We will, at a later date, examine me railing against test preparation. For today, though, let’s take a look at the problem below.
It is not unlike a problem a well-meaning teacher might put in front of their students. Because exposure/preparation/familiarity. Our well-meaning teacher would take this or something like it from a released bank of items on Standardized Exam Ultra and give it to their students to complete. Why not? The items are aligned to standards, the students will see things like this when they take the real Standardized Exam Ultra, so let’s get them started.
Pedagogy aside (and it’s quite difficult not to go off that way), a completed and scored set of these practice items would give the teacher little to no useful information by which he could shift his practice.
Let’s say 90 percent of the class misses question three. What would scoring this question tell our teacher? Well, it would tell him, in a class of 30 students, 27 got the question wrong. What he’d be likely to claim is this shows his students don’t understand verb tenses, commas, and apostrophes. That’s quite a bit to fit into a single question. In reality, there are at least 27 different paths each of these incorrect students could have taken to reaching the wrong answer. Getting this question wrong only informs instruction insofar as our teacher was wondering whether students got it wrong or right.
If our teacher insists on using this form of assessment, I’d point to a few easy tweaks that would provide greater clarity while increasing the cognitive load on students. I’d even go so far as to claim these tweaks would increase the likelihood of the students arriving at the correct answer.
My first alteration is to include a space under each question asking students how they reached the answer they chose. This reveals the paths students took not only to incorrect answers, but correct answers as well. Suddenly, our teacher is able to better understand process. It also moves student reflection into the assessment itself. Rather than asking students why they missed a problem post hoc, we are building a mechanism for students to consider the why of their choices in the moment. Here is the first place I’d argue our group of 27 is more likely to shrink as students pause to think about what they’re doing in ways exercises like these don’t naturally demand. We even put value on answers of “I don’t know.”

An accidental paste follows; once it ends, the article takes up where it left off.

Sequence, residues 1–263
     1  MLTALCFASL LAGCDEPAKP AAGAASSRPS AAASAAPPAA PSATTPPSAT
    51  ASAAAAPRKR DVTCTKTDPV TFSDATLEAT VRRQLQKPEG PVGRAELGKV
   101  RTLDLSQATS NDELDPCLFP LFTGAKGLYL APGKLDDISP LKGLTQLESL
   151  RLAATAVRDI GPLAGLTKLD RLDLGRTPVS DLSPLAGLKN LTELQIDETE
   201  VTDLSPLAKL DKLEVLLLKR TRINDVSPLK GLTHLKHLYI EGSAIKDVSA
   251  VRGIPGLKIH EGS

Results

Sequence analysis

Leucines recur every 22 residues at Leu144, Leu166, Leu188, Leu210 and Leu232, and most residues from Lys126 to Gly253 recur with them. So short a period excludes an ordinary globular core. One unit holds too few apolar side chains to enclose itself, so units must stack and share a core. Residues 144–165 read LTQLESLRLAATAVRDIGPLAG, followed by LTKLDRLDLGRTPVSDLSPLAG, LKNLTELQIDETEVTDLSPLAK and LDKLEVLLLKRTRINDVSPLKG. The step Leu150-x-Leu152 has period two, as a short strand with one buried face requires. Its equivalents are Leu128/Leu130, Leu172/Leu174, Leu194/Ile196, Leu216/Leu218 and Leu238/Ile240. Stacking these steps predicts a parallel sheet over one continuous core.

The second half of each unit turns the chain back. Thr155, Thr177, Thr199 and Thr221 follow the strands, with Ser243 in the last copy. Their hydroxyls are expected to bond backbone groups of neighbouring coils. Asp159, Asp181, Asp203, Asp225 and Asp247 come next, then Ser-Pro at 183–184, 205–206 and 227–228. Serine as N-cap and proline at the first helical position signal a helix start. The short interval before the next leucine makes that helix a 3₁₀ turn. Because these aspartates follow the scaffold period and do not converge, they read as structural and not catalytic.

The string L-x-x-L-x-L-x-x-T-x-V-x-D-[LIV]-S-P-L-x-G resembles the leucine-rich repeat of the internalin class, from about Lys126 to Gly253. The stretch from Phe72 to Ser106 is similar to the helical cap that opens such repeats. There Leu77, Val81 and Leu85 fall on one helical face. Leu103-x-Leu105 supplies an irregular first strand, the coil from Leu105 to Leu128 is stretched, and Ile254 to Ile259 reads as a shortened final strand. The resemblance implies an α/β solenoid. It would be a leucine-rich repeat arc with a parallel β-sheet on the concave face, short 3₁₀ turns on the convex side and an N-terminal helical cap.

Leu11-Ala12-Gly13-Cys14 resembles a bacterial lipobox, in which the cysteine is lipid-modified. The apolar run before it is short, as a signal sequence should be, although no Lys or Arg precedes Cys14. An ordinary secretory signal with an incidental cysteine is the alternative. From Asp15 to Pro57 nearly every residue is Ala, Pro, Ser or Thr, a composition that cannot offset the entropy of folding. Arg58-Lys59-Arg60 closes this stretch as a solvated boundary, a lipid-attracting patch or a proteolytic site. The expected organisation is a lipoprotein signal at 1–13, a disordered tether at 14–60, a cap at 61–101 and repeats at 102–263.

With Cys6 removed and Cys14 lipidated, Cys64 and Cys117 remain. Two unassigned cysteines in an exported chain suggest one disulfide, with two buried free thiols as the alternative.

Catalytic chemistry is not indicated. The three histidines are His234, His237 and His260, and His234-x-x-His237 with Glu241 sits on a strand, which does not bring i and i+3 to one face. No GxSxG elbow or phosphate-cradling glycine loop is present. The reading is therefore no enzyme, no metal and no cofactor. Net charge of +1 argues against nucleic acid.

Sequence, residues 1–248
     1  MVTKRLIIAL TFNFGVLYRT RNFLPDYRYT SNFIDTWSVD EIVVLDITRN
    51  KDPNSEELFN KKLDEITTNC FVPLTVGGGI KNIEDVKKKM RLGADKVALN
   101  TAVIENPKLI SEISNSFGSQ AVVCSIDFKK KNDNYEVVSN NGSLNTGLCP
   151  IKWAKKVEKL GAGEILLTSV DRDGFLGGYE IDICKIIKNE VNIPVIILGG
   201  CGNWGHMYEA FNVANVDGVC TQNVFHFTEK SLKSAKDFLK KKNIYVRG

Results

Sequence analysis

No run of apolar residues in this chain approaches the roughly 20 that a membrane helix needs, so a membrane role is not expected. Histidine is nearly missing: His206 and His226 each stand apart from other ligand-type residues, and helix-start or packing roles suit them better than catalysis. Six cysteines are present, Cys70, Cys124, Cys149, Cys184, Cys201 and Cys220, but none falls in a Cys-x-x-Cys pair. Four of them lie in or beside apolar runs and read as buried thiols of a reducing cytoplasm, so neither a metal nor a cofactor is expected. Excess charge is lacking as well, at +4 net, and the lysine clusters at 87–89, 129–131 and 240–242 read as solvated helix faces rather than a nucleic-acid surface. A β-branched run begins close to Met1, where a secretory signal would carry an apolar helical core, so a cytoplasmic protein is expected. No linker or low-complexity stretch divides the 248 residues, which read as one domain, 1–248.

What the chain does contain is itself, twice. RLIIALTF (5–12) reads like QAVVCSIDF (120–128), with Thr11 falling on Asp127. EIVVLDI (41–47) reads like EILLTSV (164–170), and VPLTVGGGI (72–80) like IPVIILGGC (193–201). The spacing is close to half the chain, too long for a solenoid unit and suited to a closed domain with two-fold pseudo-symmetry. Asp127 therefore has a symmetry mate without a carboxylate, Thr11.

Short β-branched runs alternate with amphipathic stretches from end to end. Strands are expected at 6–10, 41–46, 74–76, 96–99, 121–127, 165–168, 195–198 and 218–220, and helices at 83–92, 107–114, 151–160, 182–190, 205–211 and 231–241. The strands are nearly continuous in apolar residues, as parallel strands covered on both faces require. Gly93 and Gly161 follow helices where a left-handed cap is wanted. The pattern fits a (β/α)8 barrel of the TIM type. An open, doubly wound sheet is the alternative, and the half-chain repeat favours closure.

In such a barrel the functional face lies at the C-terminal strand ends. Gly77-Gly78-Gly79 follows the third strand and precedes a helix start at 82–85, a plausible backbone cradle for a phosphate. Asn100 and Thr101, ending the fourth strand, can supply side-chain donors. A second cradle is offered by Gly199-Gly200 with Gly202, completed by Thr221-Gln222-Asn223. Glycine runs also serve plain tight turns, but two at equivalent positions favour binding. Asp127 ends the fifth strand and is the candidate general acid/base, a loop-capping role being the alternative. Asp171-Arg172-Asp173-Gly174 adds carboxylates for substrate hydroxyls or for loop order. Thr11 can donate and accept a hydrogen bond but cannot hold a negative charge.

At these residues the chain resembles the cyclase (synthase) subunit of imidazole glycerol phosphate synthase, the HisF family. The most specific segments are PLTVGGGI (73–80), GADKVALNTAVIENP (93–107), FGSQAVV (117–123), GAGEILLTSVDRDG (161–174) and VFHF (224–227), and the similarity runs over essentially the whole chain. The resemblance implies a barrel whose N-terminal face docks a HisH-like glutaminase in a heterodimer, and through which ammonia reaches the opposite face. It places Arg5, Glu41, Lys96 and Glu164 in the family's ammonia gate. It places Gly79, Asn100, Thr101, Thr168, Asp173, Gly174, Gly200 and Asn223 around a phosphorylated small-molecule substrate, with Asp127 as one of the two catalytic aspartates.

What if the shift above isn’t the only move we make? What if we add another space for feedback. This time, though, our students have passed their papers to another classmate and our teacher has asked each classmate to look at the answer and justification of her peer and then reply with her thoughts on the justification? At this point, we’ve begun a conversation, if small, where our students are no longer looking at the answers, but looking at the reasoning and asking if they arrived anywhere worth going.
Think, then, of the information our teacher is working with when he collects these papers. Rather than simply knowing if a given student got a question correct or incorrect, he now also knows how they got there and has given all the class an opportunity to chime in on that thinking at the same time.
The next day, he might pull together students who took similar approaches to reaching the incorrect answer and offer some targeted instruction in correcting their missteps. He might not point out the errors, but put our three correct students in a group with 9 other peers and have them work in small groups to consider how they answered and why they made the choices they did.
It is conceivable our class might grow frustrated with our teacher’s lack of simply telling the correct answer. This is good. I’m assuming these students have computers disguised as phones in their pockets and bookbags. When the discussion reaches its highest frustration, our teacher might say, “Okay, see if you can find help online.”
Here, we’ve taken something boring and inauthentic and built a community around it. We’ve manufactured value to something that originally would have told us if students picked the correct letter or the incorrect letter. While this is not preferable to some authentic, contextualized tasks that would also lead students to practice these skills, it is certainly better than we found it.